Fernandes’s wife got thyroid cancer and while making the rounds of the hospitals and doctors, they came to realize that despite existence of huge amount of big data and large quantities of freely available published data, few people were connecting the dots for efficient diagnosis and treatment. Serendipitous discussions with his good friend and colleague (an engineer) and his wife, a PhD in biology, led them to investigate whether modeling can be used to connect the dots and predict biological effects computationally, bridging two disciplines. R&D costs in big pharma are skyrocketing and it costs about $1to $4 B per drug, before it is available for commercial use. During the development stage, 40% of drugs fail due to lack of efficiency (that is, they simply do not work), and other 40% fail due to toxicity (bad side effects), said Fernandes. In the long chain of drug development, Fernandes focused on Biology. “If the biology is wrong, no amount of chemistry is going to make it safe or potent”, said Fernandes. The challenge is that despite technology advancement, drug development process remains unchanged and key decisions regarding validation of drugs happen very late in clinical trials. Bringing the advancement in computational algorithms and informatics, his company, CellWorks extracts information from large data sets and also predicts information through abstraction modeling and simulation. With an ability to model how pathways interact to represent disease phenotypes, CellWorks has further refined their approach to design therapies with novel mechanism of actions. Greatly reduced cost and time for drug development has enabled CellWorks to advance their lead candidates for several indications from early design stage to validated animal efficacy studies in very short time period. CellWorks closed $10M Series B round, at the end of 2012.
Origins of Mohan Uttarwar’s company BioImagene also lie in his keen notice of a problem in the market place that was not addressed. One of the close family friends had cancer and in accompanying the individual to the medical facilities, he noticed that the medical establishment used glass slides to analyze, store, and share critical information. This made it costly and challenging to share tissue samples and other information, critical for timely and effective diagnosis and to discuss treatment options. BioImagene addressed the need by creating a suite of dynamic, image-based technologies that enable image capture, information management, image analysis and virtual sharing of patients’ tissue samples from glass microscope slides. Their unique software, iScan, enabled viewing, analysis, and managing of tissue images, using a computer. Emphasizing the need to adapt and change, Uttarwar said, the pivotal moment in the history of the company was when they made the decision to go into hardware. They built a unique image viewing input device called the iSlide, and a high performance workstation called Crescendo. Together their products greatly improved workflow efficiency in image archiving and retrieval, remote viewing, and turnaround time and made them an attractive target and the company was acquired for $100M by Roche, in August, 2010.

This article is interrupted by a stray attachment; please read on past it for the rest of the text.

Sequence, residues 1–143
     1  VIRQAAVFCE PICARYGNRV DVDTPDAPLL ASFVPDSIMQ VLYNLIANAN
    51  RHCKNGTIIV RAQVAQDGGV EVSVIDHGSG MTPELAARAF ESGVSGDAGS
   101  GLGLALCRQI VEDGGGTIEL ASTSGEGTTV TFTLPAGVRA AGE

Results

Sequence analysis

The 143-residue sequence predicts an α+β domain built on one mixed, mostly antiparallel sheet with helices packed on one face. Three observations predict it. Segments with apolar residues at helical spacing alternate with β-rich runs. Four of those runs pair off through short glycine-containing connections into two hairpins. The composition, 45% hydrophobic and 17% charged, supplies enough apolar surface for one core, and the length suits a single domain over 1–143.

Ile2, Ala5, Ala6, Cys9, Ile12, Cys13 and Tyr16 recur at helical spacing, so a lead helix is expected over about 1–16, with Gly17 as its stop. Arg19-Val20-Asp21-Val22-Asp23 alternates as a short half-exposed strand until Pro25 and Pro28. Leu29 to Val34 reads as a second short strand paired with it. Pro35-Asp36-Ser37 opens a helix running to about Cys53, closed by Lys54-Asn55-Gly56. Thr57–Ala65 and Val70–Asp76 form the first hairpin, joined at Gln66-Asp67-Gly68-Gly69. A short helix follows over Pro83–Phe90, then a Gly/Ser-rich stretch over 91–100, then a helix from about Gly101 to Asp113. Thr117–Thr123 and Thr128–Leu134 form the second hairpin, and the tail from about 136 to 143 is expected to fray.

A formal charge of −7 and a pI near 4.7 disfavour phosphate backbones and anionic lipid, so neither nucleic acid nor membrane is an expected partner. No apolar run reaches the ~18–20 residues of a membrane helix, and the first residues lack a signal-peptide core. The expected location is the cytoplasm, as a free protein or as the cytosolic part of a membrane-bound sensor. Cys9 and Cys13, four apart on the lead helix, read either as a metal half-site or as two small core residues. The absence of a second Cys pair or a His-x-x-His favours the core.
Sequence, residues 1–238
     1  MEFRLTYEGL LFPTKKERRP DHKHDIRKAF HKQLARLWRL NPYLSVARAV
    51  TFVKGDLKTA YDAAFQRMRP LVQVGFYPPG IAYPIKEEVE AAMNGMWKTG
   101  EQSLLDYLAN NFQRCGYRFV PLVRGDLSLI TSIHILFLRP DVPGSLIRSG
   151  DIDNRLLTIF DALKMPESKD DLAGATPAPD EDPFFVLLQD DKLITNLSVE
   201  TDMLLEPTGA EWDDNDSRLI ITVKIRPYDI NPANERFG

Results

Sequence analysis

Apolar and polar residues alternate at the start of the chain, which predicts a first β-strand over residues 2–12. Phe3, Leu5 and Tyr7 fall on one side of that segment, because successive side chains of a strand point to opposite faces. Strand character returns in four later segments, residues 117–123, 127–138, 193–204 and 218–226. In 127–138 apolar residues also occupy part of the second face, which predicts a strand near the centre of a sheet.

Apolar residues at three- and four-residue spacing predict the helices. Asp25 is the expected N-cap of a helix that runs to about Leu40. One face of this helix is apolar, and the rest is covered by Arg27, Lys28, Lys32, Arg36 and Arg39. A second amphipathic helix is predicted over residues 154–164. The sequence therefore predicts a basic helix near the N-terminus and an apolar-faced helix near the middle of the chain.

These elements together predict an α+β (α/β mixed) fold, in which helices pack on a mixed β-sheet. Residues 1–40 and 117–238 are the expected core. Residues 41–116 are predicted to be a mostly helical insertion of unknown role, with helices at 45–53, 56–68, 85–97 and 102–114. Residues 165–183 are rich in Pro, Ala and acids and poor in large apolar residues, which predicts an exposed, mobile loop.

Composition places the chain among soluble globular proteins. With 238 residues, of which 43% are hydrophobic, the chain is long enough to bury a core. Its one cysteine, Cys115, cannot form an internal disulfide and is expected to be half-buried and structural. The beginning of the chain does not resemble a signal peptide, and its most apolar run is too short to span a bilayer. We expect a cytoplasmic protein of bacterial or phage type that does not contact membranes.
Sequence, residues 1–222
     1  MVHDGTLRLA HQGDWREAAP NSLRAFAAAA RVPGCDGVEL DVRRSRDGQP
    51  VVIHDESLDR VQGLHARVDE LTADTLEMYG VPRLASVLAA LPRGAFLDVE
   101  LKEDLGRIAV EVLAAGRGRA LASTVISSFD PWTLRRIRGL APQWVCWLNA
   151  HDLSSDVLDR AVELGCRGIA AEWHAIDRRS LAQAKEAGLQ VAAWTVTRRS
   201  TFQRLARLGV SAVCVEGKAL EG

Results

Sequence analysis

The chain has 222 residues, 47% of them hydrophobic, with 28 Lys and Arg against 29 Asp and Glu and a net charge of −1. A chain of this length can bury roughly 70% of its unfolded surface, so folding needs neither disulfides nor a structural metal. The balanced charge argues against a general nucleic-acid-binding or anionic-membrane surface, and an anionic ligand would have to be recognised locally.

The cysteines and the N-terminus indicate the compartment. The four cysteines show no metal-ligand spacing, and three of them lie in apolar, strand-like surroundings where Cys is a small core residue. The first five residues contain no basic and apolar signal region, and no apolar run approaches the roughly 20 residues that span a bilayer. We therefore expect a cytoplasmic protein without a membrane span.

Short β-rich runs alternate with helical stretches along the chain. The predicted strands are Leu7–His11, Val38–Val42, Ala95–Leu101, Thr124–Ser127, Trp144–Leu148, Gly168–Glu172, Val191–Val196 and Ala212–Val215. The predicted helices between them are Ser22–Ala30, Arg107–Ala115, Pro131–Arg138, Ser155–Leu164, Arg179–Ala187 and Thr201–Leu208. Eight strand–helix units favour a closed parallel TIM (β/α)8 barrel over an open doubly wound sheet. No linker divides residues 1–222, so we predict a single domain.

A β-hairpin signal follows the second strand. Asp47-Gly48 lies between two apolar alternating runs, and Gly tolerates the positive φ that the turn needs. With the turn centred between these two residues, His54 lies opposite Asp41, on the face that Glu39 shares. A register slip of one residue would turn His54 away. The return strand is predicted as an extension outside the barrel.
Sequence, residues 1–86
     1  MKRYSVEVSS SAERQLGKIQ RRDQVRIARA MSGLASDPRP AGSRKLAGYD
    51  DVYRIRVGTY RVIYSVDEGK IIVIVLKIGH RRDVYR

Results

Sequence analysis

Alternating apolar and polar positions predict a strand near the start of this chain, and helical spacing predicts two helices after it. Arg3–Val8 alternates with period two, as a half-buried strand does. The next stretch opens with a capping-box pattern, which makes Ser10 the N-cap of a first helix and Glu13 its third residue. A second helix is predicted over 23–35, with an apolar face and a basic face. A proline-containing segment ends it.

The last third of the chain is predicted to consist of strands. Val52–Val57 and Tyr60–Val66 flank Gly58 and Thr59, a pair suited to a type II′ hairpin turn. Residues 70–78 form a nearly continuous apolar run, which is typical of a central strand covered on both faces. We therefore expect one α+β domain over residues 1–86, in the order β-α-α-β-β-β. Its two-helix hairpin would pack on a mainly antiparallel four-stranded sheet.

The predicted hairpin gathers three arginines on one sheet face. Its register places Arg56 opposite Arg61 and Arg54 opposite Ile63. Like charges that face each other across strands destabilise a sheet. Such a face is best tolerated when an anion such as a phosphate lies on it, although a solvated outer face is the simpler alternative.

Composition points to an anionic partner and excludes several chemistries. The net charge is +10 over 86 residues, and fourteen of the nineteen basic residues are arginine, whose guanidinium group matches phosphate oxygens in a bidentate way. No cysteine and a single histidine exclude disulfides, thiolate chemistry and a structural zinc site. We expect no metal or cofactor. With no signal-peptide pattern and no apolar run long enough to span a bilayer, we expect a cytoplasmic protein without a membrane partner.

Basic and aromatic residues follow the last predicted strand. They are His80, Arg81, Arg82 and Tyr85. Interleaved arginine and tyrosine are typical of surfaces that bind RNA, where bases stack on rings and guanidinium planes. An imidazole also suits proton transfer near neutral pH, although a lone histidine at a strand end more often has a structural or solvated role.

Both Uttarwar and Fernandes credited their team and EPPIC for their success. EPPIC was started with a vision to promote networking, entrepreneurship, and mentoring for life science professionals, by a handful of people of Indian origin and has since vastly expanded. Uttarwar and Fernandes shared about how they received significant coaching and guidance from prominent EPPIC members and veterans like Nagesh Mhatre, at critical periods. Additionally, through EPPIC, they connected with Artiman Ventures and received funding as well. With such a strong community to support and energize, “if I can do it, you can do it”, said Uttarwar. Mohan Uttarwar is the guest speaker on October, 29 at www.bio2devicegroup.org event, in Sunnyvale, and will be speaking about one of his new ventures. These are free events and all are welcome.
Please note down following dates (September, 18 and October, 26) for upcoming EPPIC events and register at www.eppicglobal.org.